It's been said before that Mark Waid knows how to write a good story. You immediately feel that he really knows and cares about the Green Hornet. This is a character that can easily be dismissed as an old pulp character that wears green and uses a gas gun. There are clearly many more layers to him than that.
It's always fascinating when writers do stick to a character's original time period rather than try to update them. The updates do work from time to time but having this comic ste in the 1940s gives it a stronger vibe that it's a 'real' story and not just a new attempt to create stories on a decades old character.
Waid also spends plenty of time delving into both personas of the character. The Green Hornet also has his civilian guise which is equally important. With Batman, we could go months without seeing Bruce Wayne in his day-to-day activities. Britt Reid is extremely important to who Green Hornet is.
Daniel Indro's pencils do the script justice. Even though this is set in the 1940s and that's an important part of the story, it doesn't feel like an outdated story. There are plenty of elements in both the art and plot that make it clear what period this is taking place in. It's refreshing to have the story just feel right.
Green Hornet is trying to play both sides. His goal is to take down the bad guys while pretending to be bad himself. No one ever said the bad guys were brilliant but you have to wonder how long this charade can last. One moment in particular has Kato taking a picture of a 'bad guy' which later ends up in Britt Reid's newspaper. How would something like this be explained? Obviously there are ways but it's something overlooked and could make other villains wonder.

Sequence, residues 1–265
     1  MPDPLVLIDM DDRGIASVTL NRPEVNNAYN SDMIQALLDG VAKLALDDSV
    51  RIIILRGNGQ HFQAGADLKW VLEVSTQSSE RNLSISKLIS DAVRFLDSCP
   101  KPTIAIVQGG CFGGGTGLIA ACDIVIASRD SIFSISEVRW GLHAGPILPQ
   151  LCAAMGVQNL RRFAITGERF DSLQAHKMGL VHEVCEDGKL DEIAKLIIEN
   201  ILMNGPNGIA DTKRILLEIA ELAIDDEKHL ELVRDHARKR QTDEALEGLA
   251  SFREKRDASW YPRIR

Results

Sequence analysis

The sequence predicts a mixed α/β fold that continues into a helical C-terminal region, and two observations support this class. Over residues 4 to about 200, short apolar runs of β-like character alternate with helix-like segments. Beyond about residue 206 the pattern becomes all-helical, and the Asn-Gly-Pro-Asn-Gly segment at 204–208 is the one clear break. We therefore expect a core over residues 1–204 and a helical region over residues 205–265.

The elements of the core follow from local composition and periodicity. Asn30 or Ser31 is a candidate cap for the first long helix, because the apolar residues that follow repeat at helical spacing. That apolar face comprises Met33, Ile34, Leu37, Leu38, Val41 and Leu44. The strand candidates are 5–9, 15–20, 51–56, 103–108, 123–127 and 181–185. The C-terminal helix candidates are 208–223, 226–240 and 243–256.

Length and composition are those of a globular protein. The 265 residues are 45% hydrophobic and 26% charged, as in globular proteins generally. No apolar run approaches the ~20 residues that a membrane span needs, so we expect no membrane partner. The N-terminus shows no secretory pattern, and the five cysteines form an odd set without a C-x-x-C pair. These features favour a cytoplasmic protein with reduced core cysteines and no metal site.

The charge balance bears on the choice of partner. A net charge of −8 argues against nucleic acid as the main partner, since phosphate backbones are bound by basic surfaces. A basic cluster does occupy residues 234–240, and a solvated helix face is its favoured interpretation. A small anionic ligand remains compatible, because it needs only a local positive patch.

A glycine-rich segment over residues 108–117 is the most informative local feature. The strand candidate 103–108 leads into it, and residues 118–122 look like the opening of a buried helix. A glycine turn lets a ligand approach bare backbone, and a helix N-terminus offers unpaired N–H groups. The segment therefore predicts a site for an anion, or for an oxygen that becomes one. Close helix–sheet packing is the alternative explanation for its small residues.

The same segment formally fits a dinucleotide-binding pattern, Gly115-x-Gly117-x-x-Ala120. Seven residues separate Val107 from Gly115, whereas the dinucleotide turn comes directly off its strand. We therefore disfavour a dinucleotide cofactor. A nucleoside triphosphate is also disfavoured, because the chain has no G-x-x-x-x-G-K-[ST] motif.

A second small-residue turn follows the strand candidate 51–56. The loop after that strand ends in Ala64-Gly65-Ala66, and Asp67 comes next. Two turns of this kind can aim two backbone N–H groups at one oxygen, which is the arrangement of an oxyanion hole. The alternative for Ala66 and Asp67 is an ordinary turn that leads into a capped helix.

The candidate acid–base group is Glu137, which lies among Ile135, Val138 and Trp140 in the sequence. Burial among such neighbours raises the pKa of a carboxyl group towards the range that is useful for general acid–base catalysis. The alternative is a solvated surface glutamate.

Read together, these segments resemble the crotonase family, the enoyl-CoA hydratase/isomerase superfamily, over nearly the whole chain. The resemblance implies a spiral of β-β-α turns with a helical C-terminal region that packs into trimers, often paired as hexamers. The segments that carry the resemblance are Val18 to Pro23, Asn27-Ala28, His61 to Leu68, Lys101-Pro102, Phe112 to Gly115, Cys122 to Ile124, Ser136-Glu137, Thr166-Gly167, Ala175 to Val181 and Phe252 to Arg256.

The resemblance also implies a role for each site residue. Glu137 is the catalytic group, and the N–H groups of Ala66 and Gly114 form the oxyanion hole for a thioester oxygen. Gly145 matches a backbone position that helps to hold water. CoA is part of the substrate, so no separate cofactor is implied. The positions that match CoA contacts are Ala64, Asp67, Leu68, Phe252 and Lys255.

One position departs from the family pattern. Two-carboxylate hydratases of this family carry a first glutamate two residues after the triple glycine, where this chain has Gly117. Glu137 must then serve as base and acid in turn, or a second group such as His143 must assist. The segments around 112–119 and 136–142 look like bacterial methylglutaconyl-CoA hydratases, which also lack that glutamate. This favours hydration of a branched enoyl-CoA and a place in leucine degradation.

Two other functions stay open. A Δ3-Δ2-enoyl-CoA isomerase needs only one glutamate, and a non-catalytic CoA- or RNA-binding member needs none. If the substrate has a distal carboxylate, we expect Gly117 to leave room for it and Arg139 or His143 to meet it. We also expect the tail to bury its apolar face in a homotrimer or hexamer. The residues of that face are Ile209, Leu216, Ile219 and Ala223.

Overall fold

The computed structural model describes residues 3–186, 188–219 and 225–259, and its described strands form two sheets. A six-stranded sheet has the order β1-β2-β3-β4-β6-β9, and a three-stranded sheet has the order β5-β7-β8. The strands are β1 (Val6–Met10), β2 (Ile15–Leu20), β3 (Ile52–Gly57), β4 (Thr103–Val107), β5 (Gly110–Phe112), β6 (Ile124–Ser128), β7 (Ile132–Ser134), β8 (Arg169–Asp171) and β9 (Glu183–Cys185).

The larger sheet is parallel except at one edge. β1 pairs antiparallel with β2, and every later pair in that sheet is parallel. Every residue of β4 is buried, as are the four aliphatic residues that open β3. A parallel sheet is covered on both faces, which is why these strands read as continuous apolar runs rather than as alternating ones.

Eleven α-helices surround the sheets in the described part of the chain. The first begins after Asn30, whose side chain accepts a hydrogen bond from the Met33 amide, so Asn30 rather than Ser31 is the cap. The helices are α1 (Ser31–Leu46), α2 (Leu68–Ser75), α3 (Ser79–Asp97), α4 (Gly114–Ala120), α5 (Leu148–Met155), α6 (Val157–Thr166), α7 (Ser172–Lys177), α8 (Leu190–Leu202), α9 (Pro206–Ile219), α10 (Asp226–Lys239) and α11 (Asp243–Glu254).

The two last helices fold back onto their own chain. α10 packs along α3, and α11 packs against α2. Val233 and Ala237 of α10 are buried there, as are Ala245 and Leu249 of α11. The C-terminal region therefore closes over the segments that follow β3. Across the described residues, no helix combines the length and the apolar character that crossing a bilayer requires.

The story is compelling but hopefully we'll see Green Hornet take on a variety of criminal scum.
Mark Waid is a man that knows what he's doing. For him to take on a GREEN HORNET comic, you know it's going to be exactly what you would want in a GREEN HORNET comic. If you've never read one before, Waid is reason enough to get you started. Seeing this story unfold in the 1940s is a great way to give it a separate feel from the enormous amount of comics on sale each week. It has a classic feel that the character deserves while not being bogged down as a pure period piece. It does take place in the past but the way Waid tells the story and Daniel Indro's art won't make it feel like you're reading your grandfather's comic. This is a great time to check out GREEN HORNET if you haven't tried the character before.